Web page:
Obesity Essay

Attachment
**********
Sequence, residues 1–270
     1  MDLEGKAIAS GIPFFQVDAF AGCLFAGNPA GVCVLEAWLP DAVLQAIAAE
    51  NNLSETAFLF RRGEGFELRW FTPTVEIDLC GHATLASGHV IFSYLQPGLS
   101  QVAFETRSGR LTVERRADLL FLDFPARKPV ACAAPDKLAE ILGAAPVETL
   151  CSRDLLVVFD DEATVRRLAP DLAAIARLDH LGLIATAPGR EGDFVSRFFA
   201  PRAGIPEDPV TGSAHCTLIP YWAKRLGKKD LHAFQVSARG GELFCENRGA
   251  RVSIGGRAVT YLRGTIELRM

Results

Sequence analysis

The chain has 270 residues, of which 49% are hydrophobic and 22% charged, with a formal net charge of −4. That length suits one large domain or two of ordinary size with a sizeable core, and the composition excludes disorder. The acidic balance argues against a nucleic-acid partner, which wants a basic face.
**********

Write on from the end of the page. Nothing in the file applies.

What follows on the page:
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Obesity Sara Hartley Chamberlain College of Nursing NR 281 Pathophysiology I May 22, 2015 Introduction Obesity in the United States is of epidemic proportion. Adult obesity rates have doubled since 1980, from 15 to 30 percent. Childhood obesity rates have more than tripled. Rising obesity rates have significant health consequences, contributing to increased rates of more than 30 serious diseases. (Trust for America’s Health (TFAH), n.d). In 2013 the American Medical Association (AMA) formally labelled obesity a disease. (Pollack, 2013) AMA defines a disease as (1) an impairment of the normal functioning of some aspect of the body, (2) characteristic signs and symptoms, and (3) harm or morbidity. (Martinez, 2013) Obesity currently has 9 applicable diagnoses available in the Centers for Medicare and Medicaid Services (CMS) ranging from ICD-9 Code 278.00 Obesity Unspecified to ICD-9 Code V77.8 Screening for Obesity. This change, certifying obesity as a disease by the AMA, will allow for reimbursement of treatments for obesity from to insurance companies covering bariatric surgeries to government programs. The following paragraphs will cover what obesity looks like as a disease: etiology, pathophysiology, clinical manifestations and complications, diagnosis and health patterns. Etiology The most common and simplistic cause of obesity is overeating and physical inactivity. Yet, if it were this simple we wouldn’t have an epidemic. Environmental factors, socioeconomic and genetics each contribute. Environmental and socioeconomic levels are intertwined. For example, it is cheaper to buy a bag of Lays potatoes chips ($4) for movie night than a bag of cherries ($5.99 lbs). If you don’t have a car, the corner store which you can walk too sells Lays potato chips, not cherries. Hence environment because cherries aren’t conveniently accessible and

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